And this is where it becomes obvious how full of shit you are. Dewrad isn't american in any sense of the word. He is welsh and I assume you have been here long enough to see the video of him doing the yard of ale, so this mistake is really unforgivable. I haven't had to many interactions with you or read your posts that much, but all this general idiocy and xenophobia doesn't come off as a surprise when your avatar has the symbol it has in it.*

*yes I know it is just a pagan symbol, but paganism in eastern europe is heavily infiltrated with racists and fascists. Also the fact you put that symbol over Romania and Hungary and I think Albania shows a bit more of what type of trash you really are.

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PostPosted: Sun Oct 20, 2013 4:27 pm 
Avisaru
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On another subject, excuse me if I missed it, but I would be interested to know whether your penpal votes, and if he does, whom he votes for and why.


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PostPosted: Sun Oct 20, 2013 4:34 pm 
Sanno
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R.Rusanov wrote:
Of course westerners inherently know more shit than anyone else, including locals, on any subject and I'm remiss to think otherwise /s

Feel free to be wrong.

You say that I have some misconceptions about Eastern Europe. You, however, have some misconceptions about me. For the past fifteen or so years I worked in hotels, bars and restaurants, both front and back of house. Not in North America, but here in southern England. An interesting thing about the industry here is how dominated it is by immigrants from former Eastern bloc countries. I have known, drunk with and worked with these people for years, some of them I count as close friends who I see on a fairly regular basis. Tedur Covaç is, essentially, a composite character based on some of the Eastern Europeans I've known. For example, his recollection of his childhood owes a lot to conversations I've had with a close friend of mine: he's about my age, a chef, and comes from Katowice in Poland. Tedur's description of Vailana is based on how my old commis chef, a Hungarian from Villány, describes his home town (for what it's worth, the current demographics of Villány show the majority of the population being in the 18-59 age bracket: it's not just the elderly there.) So yeah, while I'm hardly a local, I'm not entirely uninformed. Also, Dravia is fictional, and a touch satirical at that; I'm well aware that Central Europe produces more than gay porn and uranium, but emphasising the latter is funnier.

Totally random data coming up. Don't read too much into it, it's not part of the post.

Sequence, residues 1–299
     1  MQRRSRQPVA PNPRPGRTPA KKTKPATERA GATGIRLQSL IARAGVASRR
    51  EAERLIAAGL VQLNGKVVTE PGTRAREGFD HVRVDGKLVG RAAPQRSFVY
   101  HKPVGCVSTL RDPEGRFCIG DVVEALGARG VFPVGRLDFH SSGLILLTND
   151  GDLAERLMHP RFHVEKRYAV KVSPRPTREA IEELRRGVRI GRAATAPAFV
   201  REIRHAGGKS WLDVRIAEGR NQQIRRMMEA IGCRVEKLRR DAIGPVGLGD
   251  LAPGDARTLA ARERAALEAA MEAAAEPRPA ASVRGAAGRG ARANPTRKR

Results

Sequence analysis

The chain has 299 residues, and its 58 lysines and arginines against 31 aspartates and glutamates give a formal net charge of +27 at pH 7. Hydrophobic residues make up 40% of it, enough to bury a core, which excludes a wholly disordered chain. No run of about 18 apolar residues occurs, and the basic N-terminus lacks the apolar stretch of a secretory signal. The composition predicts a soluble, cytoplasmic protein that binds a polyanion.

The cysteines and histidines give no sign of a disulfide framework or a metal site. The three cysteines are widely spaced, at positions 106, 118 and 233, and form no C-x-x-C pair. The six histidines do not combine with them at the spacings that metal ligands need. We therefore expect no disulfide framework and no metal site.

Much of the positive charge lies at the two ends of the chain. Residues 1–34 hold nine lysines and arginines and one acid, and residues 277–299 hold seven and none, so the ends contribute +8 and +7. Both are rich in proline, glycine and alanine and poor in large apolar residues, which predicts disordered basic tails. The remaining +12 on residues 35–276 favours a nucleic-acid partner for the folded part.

I think that covers the bulk of accusations leveled at me in your first two paragraphs? Salmoneus has already discussed the issue of Sojanèsc as a surname. (Also, I happen to like it, and Sojane has historically always been a small town. The etymology is of Imperial vintage, fwiw: Sopianae.)

As for the final paragraph, there is more to address. You think that Dravian isn't very Eastern Romance, that it is mere pseudo-French. Well, that is your opinion and you are entitled to it. On the other hand, you clearly know fuck all about Eastern Romance so I find it difficult to give your opinion the time of day. I could always explain further if you'd like? Briefly, however, Vortex is quite right in remembering that Dravian's closest relative is (Vegliot) Dalmatian. It also has a lot in common with North-Eastern Italian varieties, particularly Venetian. Varieties of Romanian occur at the opposite geographical end of this dialect continuum: expecting Dravian to sound particularly like Romanian is much like expecting Andalusian Spanish to have a strong resemblence to Walloon.

Now, how did the Dravians get to "the middle of the Pannonian plain"? Well, for a start, they didn't. They aren't in the middle of the Pannonian plain, but in the hill-country of Transdanubia. The Dravians themselves claim to be autochthonous, pointing to a glorious unbroken history going all the way back to the province of Roman Pannonia and the time of the Caesars: as the Romanians claim to be the descendants of Trajan's legionaries, so the Dravians claim they have been there all the way through: an island of pure Romanitas in a sea of Slavonic and Magyar barbarians. On the other hand, they would: since the 19th century the varying ethnicities of central and eastern Europe have been playing out the "we were here first" game with various bloody and distasteful results. Dravia hasn't escaped that particularly unpleasant aspect of post-Habsburg nationalism. Like most Eastern and Central Europeans, the truth of their origins makes them uncomfortable.